Equity PM Lisette Langham Case: risk-efficient delivery of results

Another of Langham’s clients, Marianne Quint, sits on the investment committee of the Amity Island Endowment. The $2 billion equity portion of the Amity fund is invested using a global equity index approach. Quint has been charged with identifying an active equity fund to replace 20% of the indexed portfolio. Three candidate funds with similar performance histories, benchmarks, and fees have been identified. Based on the characteristics shown in Exhibit 3, Quint asks Langham to recommend the fund that has demonstrated the best risk-efficient delivery of results.

Characteristics of Candidates for Amity Equity Portfolio

Fund Name Blue Ash March
Sharpe ratio 1.11 0.90 0.92
Annualized active risk 5.5% 6.0% 3.2%
Active Share 0.41 0.48 0.75
Number of securities 340 290 140
Annualized portfolio volatility 11.5% 14.7% 14.9%
Covariance with Amity Fund Low High Low

The fund in Exhibit 3 that is most consistent with Quint’s requirements is:

A. Ash.
B. Blue.
C. March.

C is correct. The March Fund is the fund that is most consistent with Quint’s requirements for the best risk-efficient delivery of results. It delivers the lowest active risk (3.2%) using far fewer securities (140), indicating an efficient approach. The higher Active Share (0.75) for the similar level of fees also supports this decision.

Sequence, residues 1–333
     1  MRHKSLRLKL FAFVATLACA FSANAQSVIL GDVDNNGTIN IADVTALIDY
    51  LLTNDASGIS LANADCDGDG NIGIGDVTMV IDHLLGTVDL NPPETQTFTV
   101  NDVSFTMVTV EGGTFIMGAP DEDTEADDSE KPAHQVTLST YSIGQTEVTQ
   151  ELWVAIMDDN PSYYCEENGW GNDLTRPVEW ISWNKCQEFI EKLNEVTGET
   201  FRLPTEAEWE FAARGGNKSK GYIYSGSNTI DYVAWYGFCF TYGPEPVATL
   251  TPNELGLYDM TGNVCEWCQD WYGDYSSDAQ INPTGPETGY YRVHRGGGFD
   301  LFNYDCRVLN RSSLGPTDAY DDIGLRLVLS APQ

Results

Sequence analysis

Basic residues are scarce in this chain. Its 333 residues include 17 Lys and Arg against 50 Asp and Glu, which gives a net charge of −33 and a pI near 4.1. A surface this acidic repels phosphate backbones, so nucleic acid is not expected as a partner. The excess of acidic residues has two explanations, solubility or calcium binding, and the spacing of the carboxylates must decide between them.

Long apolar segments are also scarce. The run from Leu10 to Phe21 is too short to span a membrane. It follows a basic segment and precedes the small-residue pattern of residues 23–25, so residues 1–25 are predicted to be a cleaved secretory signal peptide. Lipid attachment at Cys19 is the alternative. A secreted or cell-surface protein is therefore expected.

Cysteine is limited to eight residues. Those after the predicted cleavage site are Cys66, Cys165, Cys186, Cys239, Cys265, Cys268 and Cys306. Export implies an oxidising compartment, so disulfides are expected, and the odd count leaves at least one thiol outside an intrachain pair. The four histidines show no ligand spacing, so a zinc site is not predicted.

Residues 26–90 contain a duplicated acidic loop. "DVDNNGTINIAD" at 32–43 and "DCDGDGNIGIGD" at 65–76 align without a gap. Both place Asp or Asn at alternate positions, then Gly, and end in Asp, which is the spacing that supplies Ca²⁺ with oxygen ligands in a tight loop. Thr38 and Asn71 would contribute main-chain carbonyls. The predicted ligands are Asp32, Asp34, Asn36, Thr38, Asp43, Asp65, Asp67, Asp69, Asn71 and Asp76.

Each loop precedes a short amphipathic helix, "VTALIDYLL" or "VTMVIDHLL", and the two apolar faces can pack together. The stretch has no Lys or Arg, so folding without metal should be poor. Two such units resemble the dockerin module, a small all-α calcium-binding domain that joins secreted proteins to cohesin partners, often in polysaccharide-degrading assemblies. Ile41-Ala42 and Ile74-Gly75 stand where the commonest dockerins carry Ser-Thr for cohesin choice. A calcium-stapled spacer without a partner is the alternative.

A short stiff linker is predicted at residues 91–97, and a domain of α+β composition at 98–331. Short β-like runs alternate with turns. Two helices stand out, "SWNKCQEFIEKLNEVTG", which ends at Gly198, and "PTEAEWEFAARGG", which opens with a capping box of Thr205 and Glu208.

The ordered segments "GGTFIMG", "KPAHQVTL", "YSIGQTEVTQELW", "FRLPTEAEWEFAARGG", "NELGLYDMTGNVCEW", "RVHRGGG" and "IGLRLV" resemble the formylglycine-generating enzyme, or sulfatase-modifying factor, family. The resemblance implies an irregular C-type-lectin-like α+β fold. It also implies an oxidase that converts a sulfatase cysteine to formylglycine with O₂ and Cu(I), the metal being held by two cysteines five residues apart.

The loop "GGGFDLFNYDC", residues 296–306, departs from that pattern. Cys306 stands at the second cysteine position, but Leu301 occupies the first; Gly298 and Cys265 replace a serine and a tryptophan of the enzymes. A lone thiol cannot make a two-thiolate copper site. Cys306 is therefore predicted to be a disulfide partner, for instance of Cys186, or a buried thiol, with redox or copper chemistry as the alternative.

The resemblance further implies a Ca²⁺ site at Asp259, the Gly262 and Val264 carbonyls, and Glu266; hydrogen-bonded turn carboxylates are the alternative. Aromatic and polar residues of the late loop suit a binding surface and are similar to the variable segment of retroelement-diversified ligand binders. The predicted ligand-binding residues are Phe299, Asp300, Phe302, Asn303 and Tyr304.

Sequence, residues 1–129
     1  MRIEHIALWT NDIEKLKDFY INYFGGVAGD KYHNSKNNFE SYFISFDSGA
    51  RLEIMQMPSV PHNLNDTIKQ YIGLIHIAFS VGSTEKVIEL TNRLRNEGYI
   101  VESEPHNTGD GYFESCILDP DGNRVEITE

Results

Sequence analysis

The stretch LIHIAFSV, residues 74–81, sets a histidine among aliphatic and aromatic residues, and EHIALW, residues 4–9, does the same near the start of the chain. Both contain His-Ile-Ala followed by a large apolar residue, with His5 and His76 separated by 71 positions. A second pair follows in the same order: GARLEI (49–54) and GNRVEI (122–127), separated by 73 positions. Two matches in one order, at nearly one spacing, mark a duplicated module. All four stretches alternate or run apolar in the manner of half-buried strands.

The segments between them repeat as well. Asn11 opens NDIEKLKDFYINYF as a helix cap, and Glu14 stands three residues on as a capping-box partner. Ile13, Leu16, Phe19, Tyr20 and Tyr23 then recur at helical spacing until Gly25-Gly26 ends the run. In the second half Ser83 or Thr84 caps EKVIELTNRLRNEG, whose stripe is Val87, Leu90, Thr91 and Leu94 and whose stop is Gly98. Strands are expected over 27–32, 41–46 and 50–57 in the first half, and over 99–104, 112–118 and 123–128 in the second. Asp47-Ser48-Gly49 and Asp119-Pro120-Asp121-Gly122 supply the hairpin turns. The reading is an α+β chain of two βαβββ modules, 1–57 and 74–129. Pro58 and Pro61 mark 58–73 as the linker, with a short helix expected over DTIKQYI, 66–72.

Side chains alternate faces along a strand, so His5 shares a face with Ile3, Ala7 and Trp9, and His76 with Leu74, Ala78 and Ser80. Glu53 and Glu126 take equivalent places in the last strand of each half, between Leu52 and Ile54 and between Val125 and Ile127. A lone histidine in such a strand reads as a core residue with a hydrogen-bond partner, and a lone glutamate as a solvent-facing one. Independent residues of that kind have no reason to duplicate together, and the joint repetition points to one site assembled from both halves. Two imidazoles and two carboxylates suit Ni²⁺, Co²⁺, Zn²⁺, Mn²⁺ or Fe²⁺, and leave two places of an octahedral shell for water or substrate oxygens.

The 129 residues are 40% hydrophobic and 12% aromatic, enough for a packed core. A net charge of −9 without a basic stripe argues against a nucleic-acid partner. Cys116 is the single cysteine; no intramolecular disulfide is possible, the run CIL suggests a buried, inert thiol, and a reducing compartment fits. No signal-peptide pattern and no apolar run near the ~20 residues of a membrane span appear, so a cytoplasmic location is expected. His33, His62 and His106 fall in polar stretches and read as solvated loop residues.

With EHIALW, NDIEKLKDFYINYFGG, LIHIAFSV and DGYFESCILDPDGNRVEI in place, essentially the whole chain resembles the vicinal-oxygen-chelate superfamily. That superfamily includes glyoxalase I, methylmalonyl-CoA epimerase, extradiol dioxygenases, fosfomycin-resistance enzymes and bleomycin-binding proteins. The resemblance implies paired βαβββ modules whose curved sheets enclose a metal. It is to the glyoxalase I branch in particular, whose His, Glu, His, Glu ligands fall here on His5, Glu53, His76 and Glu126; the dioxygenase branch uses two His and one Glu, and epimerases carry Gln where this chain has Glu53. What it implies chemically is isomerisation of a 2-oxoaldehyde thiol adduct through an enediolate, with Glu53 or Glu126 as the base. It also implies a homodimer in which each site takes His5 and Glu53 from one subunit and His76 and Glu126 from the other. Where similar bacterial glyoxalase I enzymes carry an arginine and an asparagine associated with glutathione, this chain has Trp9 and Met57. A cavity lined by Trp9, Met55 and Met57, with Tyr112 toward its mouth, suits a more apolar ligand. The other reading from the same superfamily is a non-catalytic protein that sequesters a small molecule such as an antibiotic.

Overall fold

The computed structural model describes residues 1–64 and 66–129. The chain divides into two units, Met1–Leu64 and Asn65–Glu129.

I don’t understand this. Why couldn’t we use the highest Sharpe ratio as a fund which has the best “risk-efficient” delivery of results? Its has best risk-adjusted returns.

Thanks.

Greetings friend! The key words to focus on here are “risk efficient.”

In other words, they want you to identify which of the 3 funds has the lowest active risk with fewer securities… or has a higher active share for the same/similar fees.

For the purposes of the CFA exam - the sharpe ratio is NOT a sign of “risk efficiency” here. In this problem above, you will see that the March Fund satisfies both elements of “risk efficiency” … just memorize this for the exam and you should avoid any pitfalls.

Cheers - good luck - you got this :+1:

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Thanks again…

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Hey! So I also had confusion with this question. My confusion was with the question saying they needed to find an “Active equity fund” to replace 20% of the indexed portfolio. Since they’re talking about active fund, relative measures wouldn’t be as helpful as absolute measures, like the sharpe ratio. I understand some things just have to be memorized for the exam but just want to understand if there’s a flaw in my interpretation.

Thanks